Entering Argentina was pretty simple as the two countries have a combined Customs and Immigration solution. We got through the process with only one problem, no insurance. The insurance of course is mandatory but foreigners can’t buy it. So we have to head into Argentina with no insurance, the police can stop you and fine you for not having it but you can’t buy it. Nonsense, but we will continue to look for it while we are in the country.
Our first night took us to the small, semi touristy skiing village of Uspallata. We road a bit of dirt to look at more coloured dirt and that was uneventful. We headed into town, got gas and found the municipal campsite. This was only five bucks for the night. Deya didn’t like it, we were the only ones there except for some dogs and the wind blew as if to remind us of the hurricane Earl in Newfoundland.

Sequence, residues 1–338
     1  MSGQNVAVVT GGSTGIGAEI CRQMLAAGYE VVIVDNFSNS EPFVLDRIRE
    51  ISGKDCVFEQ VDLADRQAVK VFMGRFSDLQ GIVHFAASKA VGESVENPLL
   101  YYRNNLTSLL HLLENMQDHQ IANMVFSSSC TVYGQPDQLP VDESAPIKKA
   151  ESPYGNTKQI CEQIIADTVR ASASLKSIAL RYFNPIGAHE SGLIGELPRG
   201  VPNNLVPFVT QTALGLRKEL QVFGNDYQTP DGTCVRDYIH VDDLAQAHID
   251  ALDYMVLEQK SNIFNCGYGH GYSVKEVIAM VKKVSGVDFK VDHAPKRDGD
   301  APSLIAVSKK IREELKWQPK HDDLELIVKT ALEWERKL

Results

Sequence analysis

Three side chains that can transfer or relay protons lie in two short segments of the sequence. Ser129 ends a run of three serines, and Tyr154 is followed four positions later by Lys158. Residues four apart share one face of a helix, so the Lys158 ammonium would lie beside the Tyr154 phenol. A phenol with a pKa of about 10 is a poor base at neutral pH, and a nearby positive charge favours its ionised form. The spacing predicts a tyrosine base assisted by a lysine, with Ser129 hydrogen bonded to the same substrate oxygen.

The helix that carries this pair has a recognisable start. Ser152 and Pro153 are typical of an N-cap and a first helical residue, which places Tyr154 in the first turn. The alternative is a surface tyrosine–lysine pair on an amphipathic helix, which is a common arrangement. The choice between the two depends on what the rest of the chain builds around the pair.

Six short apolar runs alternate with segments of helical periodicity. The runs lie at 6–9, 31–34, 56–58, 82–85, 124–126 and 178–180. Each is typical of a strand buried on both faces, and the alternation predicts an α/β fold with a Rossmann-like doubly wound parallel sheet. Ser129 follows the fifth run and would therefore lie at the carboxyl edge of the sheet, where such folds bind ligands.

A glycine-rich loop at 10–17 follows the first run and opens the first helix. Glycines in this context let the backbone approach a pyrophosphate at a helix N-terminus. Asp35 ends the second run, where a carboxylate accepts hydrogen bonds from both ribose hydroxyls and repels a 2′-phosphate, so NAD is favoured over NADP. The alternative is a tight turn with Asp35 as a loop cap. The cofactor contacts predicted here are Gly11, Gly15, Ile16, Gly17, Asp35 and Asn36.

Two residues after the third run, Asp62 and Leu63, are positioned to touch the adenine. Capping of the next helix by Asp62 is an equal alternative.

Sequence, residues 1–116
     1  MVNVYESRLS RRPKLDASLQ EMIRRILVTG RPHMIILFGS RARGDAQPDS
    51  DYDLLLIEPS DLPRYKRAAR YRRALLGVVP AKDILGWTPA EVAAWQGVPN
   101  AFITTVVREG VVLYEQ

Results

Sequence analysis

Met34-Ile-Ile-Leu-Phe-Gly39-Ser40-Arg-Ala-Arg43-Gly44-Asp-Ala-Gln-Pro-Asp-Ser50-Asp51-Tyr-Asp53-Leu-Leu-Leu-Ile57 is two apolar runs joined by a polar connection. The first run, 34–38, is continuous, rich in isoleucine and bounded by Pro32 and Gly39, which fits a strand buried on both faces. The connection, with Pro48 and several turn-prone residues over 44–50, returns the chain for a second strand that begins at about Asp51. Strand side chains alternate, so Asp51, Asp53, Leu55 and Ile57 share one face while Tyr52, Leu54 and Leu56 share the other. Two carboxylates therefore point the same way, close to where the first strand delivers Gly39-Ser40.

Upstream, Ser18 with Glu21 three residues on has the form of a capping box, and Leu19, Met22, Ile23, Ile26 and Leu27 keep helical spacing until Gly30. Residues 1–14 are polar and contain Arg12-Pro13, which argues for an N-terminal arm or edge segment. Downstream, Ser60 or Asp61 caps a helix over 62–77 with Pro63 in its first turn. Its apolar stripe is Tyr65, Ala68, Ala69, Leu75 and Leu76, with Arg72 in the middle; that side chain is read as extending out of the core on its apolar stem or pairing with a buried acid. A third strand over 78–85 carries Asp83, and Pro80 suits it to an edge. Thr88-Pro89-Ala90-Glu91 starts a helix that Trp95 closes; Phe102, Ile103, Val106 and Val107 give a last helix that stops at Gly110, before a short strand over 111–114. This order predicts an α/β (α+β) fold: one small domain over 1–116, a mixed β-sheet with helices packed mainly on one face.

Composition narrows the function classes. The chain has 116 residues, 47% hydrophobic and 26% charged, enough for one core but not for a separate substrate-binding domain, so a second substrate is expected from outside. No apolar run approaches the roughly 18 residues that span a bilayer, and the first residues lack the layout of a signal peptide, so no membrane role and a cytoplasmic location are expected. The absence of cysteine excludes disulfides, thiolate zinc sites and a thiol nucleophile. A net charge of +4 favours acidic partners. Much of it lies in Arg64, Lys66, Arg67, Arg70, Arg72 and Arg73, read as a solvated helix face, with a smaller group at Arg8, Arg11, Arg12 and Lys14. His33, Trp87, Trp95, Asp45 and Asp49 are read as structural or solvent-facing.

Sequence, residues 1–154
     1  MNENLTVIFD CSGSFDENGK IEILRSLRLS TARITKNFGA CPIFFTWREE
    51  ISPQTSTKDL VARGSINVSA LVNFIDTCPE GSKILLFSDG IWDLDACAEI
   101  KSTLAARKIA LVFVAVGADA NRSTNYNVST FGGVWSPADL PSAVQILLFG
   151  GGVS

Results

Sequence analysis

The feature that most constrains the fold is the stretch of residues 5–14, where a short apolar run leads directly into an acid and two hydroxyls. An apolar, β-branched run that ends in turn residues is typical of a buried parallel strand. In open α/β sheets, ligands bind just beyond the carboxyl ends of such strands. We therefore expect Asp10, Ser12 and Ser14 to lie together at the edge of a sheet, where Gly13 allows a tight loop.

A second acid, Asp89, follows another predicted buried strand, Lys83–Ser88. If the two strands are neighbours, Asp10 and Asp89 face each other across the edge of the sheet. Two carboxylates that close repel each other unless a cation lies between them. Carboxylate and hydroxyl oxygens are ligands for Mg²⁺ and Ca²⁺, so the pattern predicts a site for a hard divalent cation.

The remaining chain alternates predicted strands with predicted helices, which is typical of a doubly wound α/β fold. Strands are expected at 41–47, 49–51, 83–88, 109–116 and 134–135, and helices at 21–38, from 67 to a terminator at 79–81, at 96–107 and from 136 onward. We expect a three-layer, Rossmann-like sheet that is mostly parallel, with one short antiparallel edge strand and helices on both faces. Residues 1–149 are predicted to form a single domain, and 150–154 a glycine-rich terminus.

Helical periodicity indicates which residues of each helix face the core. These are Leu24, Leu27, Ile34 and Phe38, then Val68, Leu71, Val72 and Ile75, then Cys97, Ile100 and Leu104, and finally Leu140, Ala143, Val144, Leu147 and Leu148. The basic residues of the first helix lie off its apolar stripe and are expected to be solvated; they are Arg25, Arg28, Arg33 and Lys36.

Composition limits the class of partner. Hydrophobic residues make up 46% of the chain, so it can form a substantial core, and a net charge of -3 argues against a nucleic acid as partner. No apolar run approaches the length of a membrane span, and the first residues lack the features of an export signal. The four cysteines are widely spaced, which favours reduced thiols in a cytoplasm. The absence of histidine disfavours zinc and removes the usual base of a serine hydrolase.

When we arrived I found dogs, or they found me, and I knew I could test out my new dog bones on these critters to make a few new friends. To my surprise, when I offered the dogs these tasty treats, they literally pawed at them, sniffed, then looked at me like I was an idiot and walked away leaving the milky, beef tasting, slightly minty fresh bones in the dirt. How do I know what they taste like? Take a guess. I was shattered, to say the least, but would soon come to understand why these healthy looking dogs portrayed such arrogance.

The wind blew from the southwest and the trees were all barren of leaves. The leaves collected at the northeast foot of every obstacle in the winds path including our tent. A snow shovel would have worked the same trying to dig out the doorway of the tent. It was a cold night and the morning was exceedingly difficult to pack up the gear because of the frigid strong wind blowing. Breakfast would be impossible with this wind so we decided to simply escape.